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Facebook currently testing Express Wi-Fi in India just months after Free Basics rejected

Facebook is launching a new scheme to bring cheap internet access to rural India, just months after net neutrality protestors blocked the company’s plan to provide free internet to millions in the country.

The company is currently testing Express Wi-Fi in India. The service, according to Facebook, will allow people to buy fast, reliable and affordable data packages without shelling out hundreds of rupees each month.

In January, India’s telecoms regulator rejected Facebook’s Free Basics program after more than a million people registered complaints abut the plan, which would have given free access to specific websites chosen by Facebook. 




Hundreds of protestors took to the streets of major Indian cities demanding Free Basics be barred because it would give prominence to certain websites and news sources. They claimed it would also grant Facebook unchallenged control over the information.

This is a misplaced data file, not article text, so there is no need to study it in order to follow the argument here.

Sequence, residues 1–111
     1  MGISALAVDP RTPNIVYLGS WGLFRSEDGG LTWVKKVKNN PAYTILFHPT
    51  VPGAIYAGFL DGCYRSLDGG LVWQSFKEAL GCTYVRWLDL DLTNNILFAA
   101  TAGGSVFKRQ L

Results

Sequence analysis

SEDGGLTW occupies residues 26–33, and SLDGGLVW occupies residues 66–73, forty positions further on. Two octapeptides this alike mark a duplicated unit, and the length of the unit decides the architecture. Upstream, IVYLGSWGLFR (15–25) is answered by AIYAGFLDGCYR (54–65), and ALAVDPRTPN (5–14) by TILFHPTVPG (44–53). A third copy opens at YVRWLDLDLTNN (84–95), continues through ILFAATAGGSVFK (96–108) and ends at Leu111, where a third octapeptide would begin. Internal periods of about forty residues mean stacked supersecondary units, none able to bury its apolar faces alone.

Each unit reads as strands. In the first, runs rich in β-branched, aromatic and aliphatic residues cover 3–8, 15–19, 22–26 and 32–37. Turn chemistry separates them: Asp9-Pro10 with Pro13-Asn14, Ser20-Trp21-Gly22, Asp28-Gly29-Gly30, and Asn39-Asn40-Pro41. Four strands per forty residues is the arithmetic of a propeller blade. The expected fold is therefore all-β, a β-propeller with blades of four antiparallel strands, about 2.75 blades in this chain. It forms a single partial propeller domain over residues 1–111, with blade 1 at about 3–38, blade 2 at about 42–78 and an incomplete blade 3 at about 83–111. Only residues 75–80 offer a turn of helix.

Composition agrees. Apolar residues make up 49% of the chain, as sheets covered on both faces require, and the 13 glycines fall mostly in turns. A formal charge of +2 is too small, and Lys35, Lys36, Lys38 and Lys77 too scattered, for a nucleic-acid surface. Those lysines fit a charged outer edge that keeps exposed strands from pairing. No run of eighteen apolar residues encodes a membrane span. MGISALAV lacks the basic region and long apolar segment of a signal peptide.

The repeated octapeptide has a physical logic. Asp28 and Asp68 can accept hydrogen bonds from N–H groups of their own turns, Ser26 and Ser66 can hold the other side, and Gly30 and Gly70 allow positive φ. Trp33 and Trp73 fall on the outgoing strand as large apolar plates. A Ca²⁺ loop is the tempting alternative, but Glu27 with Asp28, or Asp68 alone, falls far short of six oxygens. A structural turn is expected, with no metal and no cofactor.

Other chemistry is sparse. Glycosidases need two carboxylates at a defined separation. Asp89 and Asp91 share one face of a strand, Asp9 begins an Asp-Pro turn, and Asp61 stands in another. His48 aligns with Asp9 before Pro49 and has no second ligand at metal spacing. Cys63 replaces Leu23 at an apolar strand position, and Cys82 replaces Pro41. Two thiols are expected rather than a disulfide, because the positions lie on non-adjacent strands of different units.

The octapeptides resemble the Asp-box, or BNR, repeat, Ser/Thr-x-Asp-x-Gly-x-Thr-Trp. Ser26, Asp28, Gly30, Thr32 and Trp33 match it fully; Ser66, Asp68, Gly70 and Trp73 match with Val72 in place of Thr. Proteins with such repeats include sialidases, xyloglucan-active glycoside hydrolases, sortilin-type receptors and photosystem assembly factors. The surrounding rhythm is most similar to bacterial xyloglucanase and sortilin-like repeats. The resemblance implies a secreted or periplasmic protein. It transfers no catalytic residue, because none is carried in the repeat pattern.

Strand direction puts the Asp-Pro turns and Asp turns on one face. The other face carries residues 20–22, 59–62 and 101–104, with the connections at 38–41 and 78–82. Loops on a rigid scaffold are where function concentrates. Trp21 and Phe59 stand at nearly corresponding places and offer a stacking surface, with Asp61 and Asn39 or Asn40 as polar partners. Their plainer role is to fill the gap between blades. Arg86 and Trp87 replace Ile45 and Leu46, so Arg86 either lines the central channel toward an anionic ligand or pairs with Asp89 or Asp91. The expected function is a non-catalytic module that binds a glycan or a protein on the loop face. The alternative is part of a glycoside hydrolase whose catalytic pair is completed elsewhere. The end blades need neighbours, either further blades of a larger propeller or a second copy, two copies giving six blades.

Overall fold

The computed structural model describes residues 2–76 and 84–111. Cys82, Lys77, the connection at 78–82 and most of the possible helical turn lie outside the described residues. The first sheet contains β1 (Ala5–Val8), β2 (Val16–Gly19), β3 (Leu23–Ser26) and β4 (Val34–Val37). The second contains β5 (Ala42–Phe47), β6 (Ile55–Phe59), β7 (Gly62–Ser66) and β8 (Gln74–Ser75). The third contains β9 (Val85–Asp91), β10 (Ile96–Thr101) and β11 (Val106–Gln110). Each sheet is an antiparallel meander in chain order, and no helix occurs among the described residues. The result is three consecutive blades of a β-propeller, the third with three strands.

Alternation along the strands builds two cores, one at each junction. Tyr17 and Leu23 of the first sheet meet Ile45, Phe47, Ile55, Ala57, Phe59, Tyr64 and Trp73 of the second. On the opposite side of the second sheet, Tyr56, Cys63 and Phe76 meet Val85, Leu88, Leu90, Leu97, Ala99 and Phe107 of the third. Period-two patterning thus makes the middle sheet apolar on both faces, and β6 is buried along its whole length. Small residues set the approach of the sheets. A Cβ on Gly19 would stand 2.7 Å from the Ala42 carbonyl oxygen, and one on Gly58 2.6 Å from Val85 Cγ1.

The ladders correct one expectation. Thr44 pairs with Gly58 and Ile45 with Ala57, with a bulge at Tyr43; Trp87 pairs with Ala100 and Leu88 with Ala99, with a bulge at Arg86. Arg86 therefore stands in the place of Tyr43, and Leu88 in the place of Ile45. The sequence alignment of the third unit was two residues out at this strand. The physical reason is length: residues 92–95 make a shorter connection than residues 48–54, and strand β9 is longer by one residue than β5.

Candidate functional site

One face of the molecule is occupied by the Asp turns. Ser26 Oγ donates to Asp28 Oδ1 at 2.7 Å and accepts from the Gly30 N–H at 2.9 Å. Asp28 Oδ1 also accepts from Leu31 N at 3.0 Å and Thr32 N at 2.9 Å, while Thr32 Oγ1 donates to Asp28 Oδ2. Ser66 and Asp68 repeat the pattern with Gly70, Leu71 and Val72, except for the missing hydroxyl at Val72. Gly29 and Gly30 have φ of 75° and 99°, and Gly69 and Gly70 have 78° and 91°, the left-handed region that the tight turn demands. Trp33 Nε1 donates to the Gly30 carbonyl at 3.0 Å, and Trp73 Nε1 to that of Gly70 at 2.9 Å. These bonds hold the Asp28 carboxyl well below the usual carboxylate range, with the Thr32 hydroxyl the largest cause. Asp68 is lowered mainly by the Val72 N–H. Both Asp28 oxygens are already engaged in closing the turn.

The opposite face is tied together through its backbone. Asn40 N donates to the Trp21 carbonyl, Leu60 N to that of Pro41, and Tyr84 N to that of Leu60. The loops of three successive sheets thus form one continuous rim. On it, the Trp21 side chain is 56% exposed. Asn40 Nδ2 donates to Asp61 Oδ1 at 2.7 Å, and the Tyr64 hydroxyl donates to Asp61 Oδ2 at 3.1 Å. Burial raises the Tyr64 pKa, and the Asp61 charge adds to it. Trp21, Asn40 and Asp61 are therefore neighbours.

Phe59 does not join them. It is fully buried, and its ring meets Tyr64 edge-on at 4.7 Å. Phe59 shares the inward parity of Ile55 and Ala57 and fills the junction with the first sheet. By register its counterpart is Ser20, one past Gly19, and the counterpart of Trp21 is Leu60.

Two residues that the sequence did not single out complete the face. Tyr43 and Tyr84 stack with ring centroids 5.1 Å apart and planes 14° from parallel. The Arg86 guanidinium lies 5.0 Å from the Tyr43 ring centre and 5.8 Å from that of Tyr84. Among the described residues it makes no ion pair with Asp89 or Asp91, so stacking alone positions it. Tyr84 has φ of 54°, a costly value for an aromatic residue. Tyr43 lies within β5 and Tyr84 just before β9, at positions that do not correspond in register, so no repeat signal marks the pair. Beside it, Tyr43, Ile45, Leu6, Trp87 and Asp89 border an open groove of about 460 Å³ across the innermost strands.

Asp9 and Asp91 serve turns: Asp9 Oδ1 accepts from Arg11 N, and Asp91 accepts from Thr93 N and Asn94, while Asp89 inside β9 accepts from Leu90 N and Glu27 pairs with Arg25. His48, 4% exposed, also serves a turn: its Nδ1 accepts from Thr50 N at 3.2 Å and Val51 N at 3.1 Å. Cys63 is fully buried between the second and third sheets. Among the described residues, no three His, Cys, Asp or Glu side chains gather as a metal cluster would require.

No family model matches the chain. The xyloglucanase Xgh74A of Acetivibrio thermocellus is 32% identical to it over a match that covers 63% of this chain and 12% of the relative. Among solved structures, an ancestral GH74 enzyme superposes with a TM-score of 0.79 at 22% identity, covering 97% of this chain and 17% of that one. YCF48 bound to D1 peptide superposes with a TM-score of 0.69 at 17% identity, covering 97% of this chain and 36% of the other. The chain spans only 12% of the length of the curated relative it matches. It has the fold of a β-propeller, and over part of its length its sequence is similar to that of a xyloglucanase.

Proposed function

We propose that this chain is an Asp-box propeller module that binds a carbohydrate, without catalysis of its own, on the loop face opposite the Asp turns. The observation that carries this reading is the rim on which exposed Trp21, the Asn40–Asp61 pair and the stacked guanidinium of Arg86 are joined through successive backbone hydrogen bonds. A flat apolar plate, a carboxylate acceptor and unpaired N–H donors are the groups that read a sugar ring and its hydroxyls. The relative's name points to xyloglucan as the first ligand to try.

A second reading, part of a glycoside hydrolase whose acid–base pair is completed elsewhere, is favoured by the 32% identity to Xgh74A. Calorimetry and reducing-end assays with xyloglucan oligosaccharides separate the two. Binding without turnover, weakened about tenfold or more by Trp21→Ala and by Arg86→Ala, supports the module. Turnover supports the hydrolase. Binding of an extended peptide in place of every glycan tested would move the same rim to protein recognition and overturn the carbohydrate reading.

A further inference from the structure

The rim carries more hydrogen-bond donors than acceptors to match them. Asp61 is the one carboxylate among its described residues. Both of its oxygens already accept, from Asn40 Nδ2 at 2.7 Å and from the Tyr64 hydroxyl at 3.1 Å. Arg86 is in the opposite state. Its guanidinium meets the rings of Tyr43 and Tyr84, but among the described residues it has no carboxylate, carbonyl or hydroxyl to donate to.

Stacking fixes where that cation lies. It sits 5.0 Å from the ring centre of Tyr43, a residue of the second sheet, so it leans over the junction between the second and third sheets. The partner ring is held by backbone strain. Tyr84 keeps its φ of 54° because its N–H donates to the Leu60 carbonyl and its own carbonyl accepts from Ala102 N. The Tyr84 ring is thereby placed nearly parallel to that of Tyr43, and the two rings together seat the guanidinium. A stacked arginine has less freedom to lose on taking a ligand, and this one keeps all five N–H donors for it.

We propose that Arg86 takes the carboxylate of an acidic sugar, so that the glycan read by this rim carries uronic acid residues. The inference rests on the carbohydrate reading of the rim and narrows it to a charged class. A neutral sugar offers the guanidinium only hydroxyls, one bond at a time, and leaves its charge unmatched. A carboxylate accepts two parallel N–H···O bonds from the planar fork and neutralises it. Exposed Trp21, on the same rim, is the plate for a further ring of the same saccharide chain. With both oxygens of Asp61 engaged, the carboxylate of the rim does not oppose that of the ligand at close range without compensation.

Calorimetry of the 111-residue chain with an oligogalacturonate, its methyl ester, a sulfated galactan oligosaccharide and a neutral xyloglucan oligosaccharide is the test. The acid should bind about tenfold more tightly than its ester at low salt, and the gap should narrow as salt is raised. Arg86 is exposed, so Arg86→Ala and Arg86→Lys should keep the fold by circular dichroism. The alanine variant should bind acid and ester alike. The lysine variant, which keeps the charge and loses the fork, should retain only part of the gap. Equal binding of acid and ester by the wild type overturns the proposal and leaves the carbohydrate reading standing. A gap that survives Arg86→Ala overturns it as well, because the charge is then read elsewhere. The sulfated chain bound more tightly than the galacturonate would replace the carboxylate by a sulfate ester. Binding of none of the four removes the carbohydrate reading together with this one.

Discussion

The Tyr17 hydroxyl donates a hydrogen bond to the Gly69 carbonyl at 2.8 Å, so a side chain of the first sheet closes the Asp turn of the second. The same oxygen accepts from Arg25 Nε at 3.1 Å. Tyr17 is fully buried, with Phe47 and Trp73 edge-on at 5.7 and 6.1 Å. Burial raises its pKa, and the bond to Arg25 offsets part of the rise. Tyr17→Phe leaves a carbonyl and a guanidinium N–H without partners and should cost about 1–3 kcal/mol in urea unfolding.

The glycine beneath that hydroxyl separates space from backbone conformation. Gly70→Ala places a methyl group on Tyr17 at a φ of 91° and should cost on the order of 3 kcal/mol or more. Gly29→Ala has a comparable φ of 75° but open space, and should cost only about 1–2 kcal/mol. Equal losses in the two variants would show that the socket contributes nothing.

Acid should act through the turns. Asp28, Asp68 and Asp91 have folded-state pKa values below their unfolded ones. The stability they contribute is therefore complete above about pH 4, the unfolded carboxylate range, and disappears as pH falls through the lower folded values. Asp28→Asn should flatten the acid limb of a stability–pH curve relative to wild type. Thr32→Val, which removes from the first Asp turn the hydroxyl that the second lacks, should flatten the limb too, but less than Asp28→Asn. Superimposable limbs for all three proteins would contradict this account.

Now, many of those who campaigned against Free Basics are celebrating Facebook’s latest venture. Kiran Jonnalagadda, one of the co-founders of the net neutrality activist group Save the Internet, said that the new model could transform rural India.


Facebook still has ambitions to bring Free Basics to India. In an interview with the Verge, Mark Zuckerberg said that Facebook would make another effort to bring the service to India once it was successfully rolled out in other parts of the world.  

Now it seems the company also has plans to bring this service to railway stations and rural regions. The world's largest social media network is in talks with RailTel to provide internet services at railway stations, RailTel chairman RK Bahuguna told Economic Times. Bahuguna added that they have asked Facebook to bring connectivity to smaller railway stations and rural areas in their vicinity. 




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